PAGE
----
Especially in family businesses, it is important to recognize that each member brings a unique perspective to the organization. Just as each person possesses a different skillset, each person will also have a unique way of approaching problems and creating solutions. Your family business leaders should embrace each member’s differences and accept that it is healthy to disagree, as long as you can come together to resolve issues as they arise. Even more important, each person in your family business should recognize that, despite your differences, you share a common purpose and commitment. Family members who appreciate their common purpose within the business are more apt to work together and compromise with each other to resolve conflict.

Create a succession plan.

Along with a formal chain of command and organizational structure, you also need to put in place a plan for how that chain of command and organizational structure will change in the event the family business owners retire, die or become disabled. The 2010/2011 PWC Family Business Survey indicates that 28% of family business owners predict a change in ownership in just the next five years. However, a recent American Family Business Survey reports that only 30% of family-owned businesses survive the transition from first generation of ownership to the second generation. Having a formal succession plan is key to helping ensure your family business doesn’t suffer the same fate. With the help of an estate planning advisor, you should develop a plan that considers each player’s strengths, leadership skills, investment in the business, and their willingness to take the helm. A contingency plan should also be in place in case the original plan fails. For more on this topic, please see our article, Building a Family Business Legacy with Continuation Planning.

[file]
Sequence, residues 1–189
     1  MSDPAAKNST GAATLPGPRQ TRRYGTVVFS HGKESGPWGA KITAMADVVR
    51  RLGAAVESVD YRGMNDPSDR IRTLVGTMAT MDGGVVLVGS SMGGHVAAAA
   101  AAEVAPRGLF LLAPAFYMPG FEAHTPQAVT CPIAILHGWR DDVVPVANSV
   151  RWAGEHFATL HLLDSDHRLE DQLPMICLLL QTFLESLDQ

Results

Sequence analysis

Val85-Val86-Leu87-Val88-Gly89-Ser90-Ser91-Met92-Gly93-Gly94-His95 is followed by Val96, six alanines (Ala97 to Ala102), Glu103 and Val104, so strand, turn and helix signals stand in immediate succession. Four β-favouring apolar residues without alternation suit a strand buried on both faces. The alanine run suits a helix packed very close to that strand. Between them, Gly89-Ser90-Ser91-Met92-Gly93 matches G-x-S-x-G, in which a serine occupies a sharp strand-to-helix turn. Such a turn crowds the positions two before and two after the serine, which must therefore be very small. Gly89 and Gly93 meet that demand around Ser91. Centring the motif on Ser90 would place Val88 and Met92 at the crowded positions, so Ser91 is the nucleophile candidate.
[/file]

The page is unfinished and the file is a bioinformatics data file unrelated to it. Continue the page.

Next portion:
For more tips on how to deal with the challenges inherent in family business, see our article, Rising to the Challenges of Family Business.


Contributing Sources:; John L. Ward, Perpetuating the family business: 50 lessons learned from long-lasting, successful families in business, Palgrave Macmillan, May 7, 2004; 2010/2011 PWC Family Business Survey; American Family Business Survey, MassMutual, 2007.

| Terms Of Use | Privacy Statement
Copyright 2020. Broadway Bank. Content is not a substitute for legal and tax advice